Angel "Power Play" (5/12/04)



4 Stars... This show is cooler than you are!


What's worse than Angelus?


This review does contain (minor) Spoilers

J.C. Maçek III... Dressed like Boreanaz before Boreanaz was Angel!  HUZZAH!
J.C. Maçek III
The World's Greatest Critic!



The final year of one of TV's best and edgiest shows has (amazingly) turned in to one of the best ever. What's so surprising? Well, Angel's never been a bad show. It certainly had to find its niche in the first year (which looked like a "bad-guy-of-the-week show by contrast), but, like Buffy the Vampire Slayer before it, Angel was willing to change under the wise tutelage of Joss Whedon. Interestingly enough this change hasn't been an arbitrary "for the times" alteration, but an actual and literal evolution of the characters and the very theme of the show into what it is. Let's face it, if back in the first season someone had told you that Nice Guy Vamp Angel would become the CEO of the LA Branch of Wolfram and Hart, the focal point of legal evil in the world, each of us fans would have laughed.

But Joss and company (a company now featuring The Tick Creator Ben Edlund) have managed to keep us on our toes and avoid the (rare but notable) stagnation that has marred previous seasons. It's safe to say that the final season is one of the best ones. And that's what is surprising... this was supposed to be the revitalizing year that kept it from Cancellation. For all our rejoicing at the end of last year that the show had been "resurrected" so to speak, the WB went ahead and cancelled its strongest show (notice Charmed and Smallville are still around). It's easy to be upset with the WB, but it's easy also to be thankful in the way they handled things. Unlike the evil Fox (our own real-world equivalent of Wolfram and Hart) in their mishandling of Wonder Falls, the WB gave plenty of notice to allow for a solid wrap-up of an incredibly cathartic and event-packed season.

And now the Wrap-Up is upon us... only two episodes left before the parade of CSIs and Law and Orders and Mark Burnett Productions force us to forget that TV was once a creative outlet of any kind. But what a season to go out on! This season's given us the Perils of running an evil law firm (in the season Premieree no less!), and added one of the Jossverse's most compelling characters, James Marsters' Spike (tangible or not). And that was just the set up! As time went on, we were treated to Angel (David Boreanaz of course) beginning to fall for new-girl Nina (Jenny Mollen) who happens to be a Werewolf (!), dealing with Harmony (Mercedes McNab) as an assistant, seeing his son Connor (Vincent Kartheiser) return as someone else's kid, turning into a Puppet (!!), losing Cordy forever in one of the best episodes of any season of Angel and right now potentially turning into the proverbial Big Bad we've all been worried about. And that's not even to mention Fred (Amy Acker) being killed off (and possessed) by a godlike creature named Illyria, hotter than Glory and even more deadly, Wesley (Alexis Denisof... my how he's changed) brooding over it, Gunn (J. August Richards) becoming a Super-Attorney and then Triple Bypass Surgery Volunteer in the Hell Dimension, and Lorne (Gay Green Guy Andy Hallett)... well... even old Lorne had his day becoming the Host with the Most, babe, the Life of the Party!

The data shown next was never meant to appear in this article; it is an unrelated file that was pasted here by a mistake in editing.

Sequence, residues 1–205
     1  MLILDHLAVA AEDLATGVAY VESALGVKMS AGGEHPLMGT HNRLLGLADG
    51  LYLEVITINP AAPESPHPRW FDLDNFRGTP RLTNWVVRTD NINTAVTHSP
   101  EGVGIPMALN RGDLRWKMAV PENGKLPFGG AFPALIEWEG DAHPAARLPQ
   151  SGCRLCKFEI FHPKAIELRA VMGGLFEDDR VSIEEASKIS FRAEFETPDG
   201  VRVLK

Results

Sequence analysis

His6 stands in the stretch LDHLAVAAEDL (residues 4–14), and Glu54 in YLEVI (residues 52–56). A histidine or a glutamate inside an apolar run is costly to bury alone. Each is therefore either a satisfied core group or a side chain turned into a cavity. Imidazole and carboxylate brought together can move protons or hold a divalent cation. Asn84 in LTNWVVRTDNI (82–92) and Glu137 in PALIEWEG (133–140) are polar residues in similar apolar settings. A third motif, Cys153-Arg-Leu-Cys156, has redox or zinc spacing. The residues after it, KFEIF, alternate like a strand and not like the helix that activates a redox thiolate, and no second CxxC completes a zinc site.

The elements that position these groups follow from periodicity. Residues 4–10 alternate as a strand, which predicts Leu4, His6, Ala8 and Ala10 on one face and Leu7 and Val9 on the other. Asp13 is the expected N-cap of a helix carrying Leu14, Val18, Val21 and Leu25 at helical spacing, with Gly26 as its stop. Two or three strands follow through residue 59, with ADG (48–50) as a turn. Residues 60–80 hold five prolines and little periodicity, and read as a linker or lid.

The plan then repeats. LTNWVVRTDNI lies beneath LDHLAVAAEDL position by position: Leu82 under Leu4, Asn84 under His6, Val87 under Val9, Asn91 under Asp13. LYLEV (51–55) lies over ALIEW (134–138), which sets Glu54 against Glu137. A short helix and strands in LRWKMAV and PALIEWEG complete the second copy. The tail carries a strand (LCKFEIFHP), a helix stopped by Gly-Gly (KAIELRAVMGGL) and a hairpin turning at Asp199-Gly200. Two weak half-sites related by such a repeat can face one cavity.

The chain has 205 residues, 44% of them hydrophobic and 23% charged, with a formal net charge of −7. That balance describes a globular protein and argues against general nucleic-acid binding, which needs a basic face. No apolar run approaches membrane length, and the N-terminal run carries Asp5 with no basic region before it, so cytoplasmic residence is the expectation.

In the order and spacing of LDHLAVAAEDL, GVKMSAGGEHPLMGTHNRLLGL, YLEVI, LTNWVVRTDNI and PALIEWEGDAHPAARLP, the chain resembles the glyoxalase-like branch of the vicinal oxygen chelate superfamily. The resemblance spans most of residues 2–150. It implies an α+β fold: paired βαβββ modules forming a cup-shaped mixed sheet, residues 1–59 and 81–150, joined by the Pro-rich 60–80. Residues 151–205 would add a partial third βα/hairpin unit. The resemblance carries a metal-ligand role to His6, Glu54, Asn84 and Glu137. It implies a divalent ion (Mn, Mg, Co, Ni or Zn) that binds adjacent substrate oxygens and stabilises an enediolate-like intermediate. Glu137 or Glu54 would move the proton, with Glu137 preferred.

Try reading all that without Hyperventilating. Even with the addition of the Anti-Baldwin (Adam) replacing Eve (hey I just got that) as the Senior Partners' liaison that Angel won't sleep with there's no cliché here to bitch about. Yeah, I know, another Firefly alum... Caleb, Jasmine... they're all good, okay?